Despite my best intentions I have not made any blog posts since last January when they were required for my 21st Century Media and Religion course. My one solace is that most of my classmates also haven't been updating their blogs, so that does help a little.
One of the reasons that I haven't been posting is my personal struggles with my online brand. In their book Click2Save Elizabeth Drescher and Keith Anderson speak to this. One of the things they talk about is how your online presence is going to be a mix of your personal and professional lives but I'm still not comfortable with that entirely. Part of me has avoided blogging on technology topics here because I'm not sure what the audience will be (I have posted on technology topics on other forums like ITNinja.com), but then I also don't put effort into blogging religious topics because frankly most of my efforts on that front go into class work.
Regardless, here I am taking another course that requires blogging so at least for another week things will be active in this space again. Perhaps this time I'll get more into the habit of blogging and will also become more comfortable with a mixing of my technological and theological selves. I'm hoping that this course will lead me to resources that will help with that process. I can already see that there is a lot of discussion happening in the area of media and religion but so far I have not been plugged into the right people and places where those discussions are happening.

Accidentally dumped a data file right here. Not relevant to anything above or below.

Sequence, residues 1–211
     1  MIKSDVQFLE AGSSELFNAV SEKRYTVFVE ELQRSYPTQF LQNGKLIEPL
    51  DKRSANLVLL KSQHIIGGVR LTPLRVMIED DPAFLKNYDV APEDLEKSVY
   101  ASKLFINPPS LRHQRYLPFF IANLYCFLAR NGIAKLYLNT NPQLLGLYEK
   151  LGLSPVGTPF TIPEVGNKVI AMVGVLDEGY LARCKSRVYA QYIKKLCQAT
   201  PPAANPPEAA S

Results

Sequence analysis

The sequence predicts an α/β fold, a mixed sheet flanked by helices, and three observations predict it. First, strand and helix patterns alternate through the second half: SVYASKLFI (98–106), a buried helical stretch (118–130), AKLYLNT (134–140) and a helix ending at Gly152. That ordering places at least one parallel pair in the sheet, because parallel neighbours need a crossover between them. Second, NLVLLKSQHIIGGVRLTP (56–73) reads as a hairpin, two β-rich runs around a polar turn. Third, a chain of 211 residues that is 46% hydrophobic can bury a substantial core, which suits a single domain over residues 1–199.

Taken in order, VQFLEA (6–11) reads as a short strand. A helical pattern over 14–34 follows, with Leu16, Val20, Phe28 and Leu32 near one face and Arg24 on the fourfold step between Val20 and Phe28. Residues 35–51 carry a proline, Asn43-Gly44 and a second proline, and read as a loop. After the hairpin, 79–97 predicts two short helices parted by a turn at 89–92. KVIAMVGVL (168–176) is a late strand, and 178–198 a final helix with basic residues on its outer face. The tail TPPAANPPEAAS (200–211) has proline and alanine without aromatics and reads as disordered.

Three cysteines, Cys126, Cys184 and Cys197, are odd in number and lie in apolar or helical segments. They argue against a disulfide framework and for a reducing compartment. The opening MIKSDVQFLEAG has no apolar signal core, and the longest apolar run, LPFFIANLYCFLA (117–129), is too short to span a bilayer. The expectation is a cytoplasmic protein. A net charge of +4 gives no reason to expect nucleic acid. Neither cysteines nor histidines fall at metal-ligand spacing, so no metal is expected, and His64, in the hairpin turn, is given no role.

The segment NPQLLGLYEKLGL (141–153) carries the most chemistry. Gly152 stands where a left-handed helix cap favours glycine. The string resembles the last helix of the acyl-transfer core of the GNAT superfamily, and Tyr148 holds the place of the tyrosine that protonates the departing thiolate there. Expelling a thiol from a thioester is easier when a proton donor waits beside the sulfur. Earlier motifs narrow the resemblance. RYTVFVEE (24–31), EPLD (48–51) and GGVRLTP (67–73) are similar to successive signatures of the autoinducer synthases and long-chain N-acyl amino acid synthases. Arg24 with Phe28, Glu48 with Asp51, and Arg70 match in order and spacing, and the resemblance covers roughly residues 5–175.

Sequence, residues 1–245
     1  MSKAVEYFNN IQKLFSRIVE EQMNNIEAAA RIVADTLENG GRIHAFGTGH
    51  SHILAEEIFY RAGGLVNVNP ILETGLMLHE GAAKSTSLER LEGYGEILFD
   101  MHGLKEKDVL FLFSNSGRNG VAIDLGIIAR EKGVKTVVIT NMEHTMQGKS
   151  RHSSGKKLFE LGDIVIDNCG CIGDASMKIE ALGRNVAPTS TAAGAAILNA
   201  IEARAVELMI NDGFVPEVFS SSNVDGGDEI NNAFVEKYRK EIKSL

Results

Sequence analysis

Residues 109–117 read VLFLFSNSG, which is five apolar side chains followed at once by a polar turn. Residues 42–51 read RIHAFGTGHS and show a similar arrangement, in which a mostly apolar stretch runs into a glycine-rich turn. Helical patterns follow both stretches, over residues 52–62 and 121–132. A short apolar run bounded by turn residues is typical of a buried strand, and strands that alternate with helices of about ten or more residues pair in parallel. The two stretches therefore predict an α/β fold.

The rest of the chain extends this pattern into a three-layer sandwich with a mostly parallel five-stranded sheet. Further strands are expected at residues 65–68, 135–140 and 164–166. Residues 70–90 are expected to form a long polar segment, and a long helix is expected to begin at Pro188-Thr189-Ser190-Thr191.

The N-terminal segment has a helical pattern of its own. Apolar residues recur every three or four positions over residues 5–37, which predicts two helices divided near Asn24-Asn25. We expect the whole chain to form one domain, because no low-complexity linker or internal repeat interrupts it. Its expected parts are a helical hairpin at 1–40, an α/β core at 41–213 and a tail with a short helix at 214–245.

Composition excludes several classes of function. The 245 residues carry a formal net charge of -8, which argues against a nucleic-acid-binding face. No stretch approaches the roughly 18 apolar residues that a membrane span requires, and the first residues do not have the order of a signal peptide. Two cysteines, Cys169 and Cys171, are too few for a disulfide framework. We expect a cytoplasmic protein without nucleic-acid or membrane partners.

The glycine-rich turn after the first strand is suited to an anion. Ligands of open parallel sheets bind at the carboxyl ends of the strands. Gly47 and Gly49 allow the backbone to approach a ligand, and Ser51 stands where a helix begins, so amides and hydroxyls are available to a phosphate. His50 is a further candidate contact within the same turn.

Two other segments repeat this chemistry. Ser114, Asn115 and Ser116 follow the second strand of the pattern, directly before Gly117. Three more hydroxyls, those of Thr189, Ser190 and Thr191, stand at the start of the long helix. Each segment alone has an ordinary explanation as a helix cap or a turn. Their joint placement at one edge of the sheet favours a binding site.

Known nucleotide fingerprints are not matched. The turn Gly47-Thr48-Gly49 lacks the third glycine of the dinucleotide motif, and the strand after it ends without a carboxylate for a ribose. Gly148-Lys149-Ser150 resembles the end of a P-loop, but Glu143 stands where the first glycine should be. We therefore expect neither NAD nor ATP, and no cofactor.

We have already been exposed to a few people that I'm sure I'll want to read more from, including one of our professors Dr. Mary Hess. I just finished reading her paper titled "Mirror Neurons, The Development Of Empathy, And Digital Story Telling" in which she briefly discussed the differences between sympathy and empathy and urges that as Christians we should prefer empathy. I found this interesting in light of recent news that Facebook is testing a "Sympathize" button. If Facebook were to provide a function to sympathize with others how would we approach that from a Christian perspective? Are the subtleties between sympathy and empathy too little to urge Facebook to provide different functionality? Would the majority of Christians put enough distinction between the words to justify the need? Incidentally, Mark Zuckerberg is reportedly an atheist, so would he even care if Christians urge a distinction?
These are interesting questions that I'm hoping to develop the tools to help try and answer.